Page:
Another method for producing a negative electrode plate for a nickel-metal hydride storage battery according to the present invention includes (I) applying a first slurry containing a hydrogen-absorbing alloy powder and a first powder essentially made of a carbonaceous material to both sides of a conductive support, followed by drying to form an active material layer on both sides of the support; (II) forming a plurality of recesses on a surface of the active material layer; and (III) applying a second slurry containing a second powder having conductivity to the active material layer.

As described above, with the negative electrode plate and the method for producing the same according to the present invention, it is possible to prevent an excessive increase in the internal pressure of a battery during overcharge and also to provide a negative electrode plate that can form a nickel-metal hydride storage battery with excellent large current charge and discharge characteristics. The use of this negative electrode plate can make it possible to provide batteries with high performance.

BRIEF DESCRIPTION OF THE DRAWINGS

FIG. 1 is a schematic cross-sectional view showing an example of a negative electrode plate according to the present invention.

FIG. 2 is a schematic cross-sectional view showing another example of a negative electrode plate according to the present invention.

FIG. 3 is a schematic cross-sectional view showing still another example of a negative electrode plate according to the present invention.

FIG. 4A is a diagram showing an example of the arrangement of grooves formed on the surface of the active material layer of the negative electrode plate shown in FIG. 3, and FIG. 4B is a diagram showing another example thereof.

FIG. 5A is a schematic cross-sectional view showing a further example of a negative electrode plate according to the present invention, and FIG. 5B is a diagram showing the arrangement of holes formed on the surface of the active material layer.

FIG. 6 is a schematic cross-sectional view showing a still further example of a negative electrode plate according to the present invention.

FIGS. 7A and 7B are cross-sectional views showing the steps of an example of a method for forming a negative electrode plate according to the present invention.

FIGS. 8A to 8C are cross-sectional views showing the steps of another example of a method for forming a negative electrode plate according to the present invention.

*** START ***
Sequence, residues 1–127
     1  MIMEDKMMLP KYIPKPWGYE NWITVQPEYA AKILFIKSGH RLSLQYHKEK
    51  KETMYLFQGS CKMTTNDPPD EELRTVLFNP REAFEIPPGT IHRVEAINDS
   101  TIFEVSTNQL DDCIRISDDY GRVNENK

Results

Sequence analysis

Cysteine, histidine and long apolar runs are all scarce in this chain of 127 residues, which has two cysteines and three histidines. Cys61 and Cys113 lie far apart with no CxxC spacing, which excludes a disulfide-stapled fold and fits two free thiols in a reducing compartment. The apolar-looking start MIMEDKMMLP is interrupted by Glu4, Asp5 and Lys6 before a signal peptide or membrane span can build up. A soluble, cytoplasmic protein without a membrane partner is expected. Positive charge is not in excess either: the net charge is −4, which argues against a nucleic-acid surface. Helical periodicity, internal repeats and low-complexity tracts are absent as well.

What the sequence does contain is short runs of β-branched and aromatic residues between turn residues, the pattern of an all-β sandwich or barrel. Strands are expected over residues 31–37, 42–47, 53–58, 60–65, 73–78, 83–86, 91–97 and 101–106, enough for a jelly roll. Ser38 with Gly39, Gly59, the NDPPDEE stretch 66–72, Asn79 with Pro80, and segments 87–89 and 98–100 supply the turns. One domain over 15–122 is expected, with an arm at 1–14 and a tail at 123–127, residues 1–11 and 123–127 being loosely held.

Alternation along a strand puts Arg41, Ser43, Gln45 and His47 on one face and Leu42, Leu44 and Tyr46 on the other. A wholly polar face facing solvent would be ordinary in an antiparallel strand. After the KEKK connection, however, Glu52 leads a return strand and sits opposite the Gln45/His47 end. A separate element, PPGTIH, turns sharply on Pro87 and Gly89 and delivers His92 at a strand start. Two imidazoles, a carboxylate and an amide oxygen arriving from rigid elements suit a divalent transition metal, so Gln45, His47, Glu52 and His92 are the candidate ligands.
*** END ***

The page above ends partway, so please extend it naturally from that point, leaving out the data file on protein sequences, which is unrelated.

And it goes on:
FIG. 9 is a partially exploded perspective view schematically showing an example of a nickel-metal hydride storage battery according to the present invention.

FIG. 10 is a schematic cross-sectional view showing the structure of a negative electrode plate of a comparative example.

DESCRIPTION OF THE PREFERRED EMBODIMENTS

Hereinafter, embodiments of the present invention will be described with reference to the accompanying drawings. In the following description, the same reference numerals will be applied to the same parts, and a redundant explanation may be omitted.

Embodiment 1

In Embodiment 1, an example of a negative electrode plate according to the present invention will be described. A negative electrode plate of the present invention is for a nickel-metal hydride storage battery. FIG. 1 schematically shows a cross-sectional view of a negative electrode plate 100 of Embodiment 1.

The negative electrode plate 100 includes a conductive support 10, as well as a first layer 11, a second layer 12 and a third layer 13 that are formed successively on both sides of the support 10.

As the support 100, a punched metal made of nickel or a nickel-plated punched metal of steel can be used, for example. FIG. 1 shows a punched metal having a plurality of through holes.

The first layer 11 contains a hydrogen-absorbing alloy and a first powder made of a carbonaceous material. As the hydrogen-absorbing alloy, any alloy commonly used for nickel-metal hydride storage batteries can be used. Examples include an alloy containing Mm (misch metal: a mixture of rare-earth elements) and nickel. Ordinarily, a pulverized hydrogen-absorbing alloy is made of particles having various shapes, so that the contacts between the alloy particles are often point contacts.

As the first powder, a powder of a carbonaceous material (carbonaceous powder), such as carbon black, graphite or coke, can be used. The particle size of the first powder is in the range of 1 μm to 20 μm, and preferably in the range of 5 μm to 10 μm. The range of particle size of a powder defined in the present specification refers to a “substantial range”, meaning a range that covers the particle sizes of substantially all the particles, for example, 90 wt % or more of the particles of a powder. A powder containing a trace amount of particles whose particle sizes fall outside the range of particle size defined herein can be encompassed by the present invention, as long as the effect of the present invention is not impaired.

The second layer 12 contains a hydrogen-absorbing alloy, the above-described first powder and a second powder having conductivity. In the negative electrode plate of Embodiment 1, the second powder is a powder made of a carbonaceous material. The first powder and the second powder can be made of either a same carbonaceous material or different carbonaceous materials. The thickness of the second layer. 12 preferably is 1% to 10% of the overall thickness of the negative electrode plate. As the carbonaceous material, commercially available graphite, natural graphite black, coke or acetylene black can be used. Since graphite particles are capable of absorbing and desorbing hydrogen and have excellent conductivity, the use of graphite powder makes it possible to improve the gas absorption capability and high-rate charge and discharge characteristics of the negative electrode. The particle size of the second powder is 7.0 μm or less (preferably, in the range of 0.05 μm to 4.0 μm). By setting the particle size at 7.0 μm or less, it is possible to facilitate the entry of the particles of the second powder between the hydrogen-absorbing alloy particles.